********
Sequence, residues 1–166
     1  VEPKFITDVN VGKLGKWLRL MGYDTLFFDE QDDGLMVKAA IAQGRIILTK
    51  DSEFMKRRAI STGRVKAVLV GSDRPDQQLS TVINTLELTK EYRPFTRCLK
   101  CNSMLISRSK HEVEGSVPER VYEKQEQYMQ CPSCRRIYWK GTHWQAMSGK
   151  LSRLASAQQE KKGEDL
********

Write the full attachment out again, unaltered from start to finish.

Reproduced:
Sequence, residues 1–166
     1  VEPKFITDVN VGKLGKWLRL MGYDTLFFDE QDDGLMVKAA IAQGRIILTK
    51  DSEFMKRRAI STGRVKAVLV GSDRPDQQLS TVINTLELTK EYRPFTRCLK
   101  CNSMLISRSK HEVEGSVPER VYEKQEQYMQ CPSCRRIYWK GTHWQAMSGK
   151  LSRLASAQQE KKGEDL